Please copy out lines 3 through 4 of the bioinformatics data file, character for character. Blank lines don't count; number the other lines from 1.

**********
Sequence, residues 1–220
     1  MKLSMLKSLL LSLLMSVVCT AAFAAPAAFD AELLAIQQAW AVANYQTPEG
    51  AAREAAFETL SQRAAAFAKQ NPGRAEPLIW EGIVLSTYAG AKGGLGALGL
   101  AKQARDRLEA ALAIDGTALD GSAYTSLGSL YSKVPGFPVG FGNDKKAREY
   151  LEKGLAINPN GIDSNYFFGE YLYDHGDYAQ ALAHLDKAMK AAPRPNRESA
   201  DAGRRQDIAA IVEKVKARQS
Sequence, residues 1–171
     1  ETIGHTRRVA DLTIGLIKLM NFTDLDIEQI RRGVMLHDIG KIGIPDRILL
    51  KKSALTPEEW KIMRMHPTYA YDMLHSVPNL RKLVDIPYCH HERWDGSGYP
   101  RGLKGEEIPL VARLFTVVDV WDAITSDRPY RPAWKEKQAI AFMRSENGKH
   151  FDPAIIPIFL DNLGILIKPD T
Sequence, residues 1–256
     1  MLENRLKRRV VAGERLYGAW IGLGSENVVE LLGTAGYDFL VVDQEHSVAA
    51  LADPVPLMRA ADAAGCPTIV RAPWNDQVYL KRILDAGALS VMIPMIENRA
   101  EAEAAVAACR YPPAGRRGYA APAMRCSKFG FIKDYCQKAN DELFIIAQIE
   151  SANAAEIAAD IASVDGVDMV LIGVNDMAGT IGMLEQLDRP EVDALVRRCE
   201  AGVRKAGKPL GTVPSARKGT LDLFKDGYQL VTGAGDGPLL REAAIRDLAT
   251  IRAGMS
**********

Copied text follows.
    51  AAREAAFETL SQRAAAFAKQ NPGRAEPLIW EGIVLSTYAG AKGGLGALGL
   101  AKQARDRLEA ALAIDGTALD GSAYTSLGSL YSKVPGFPVG FGNDKKAREY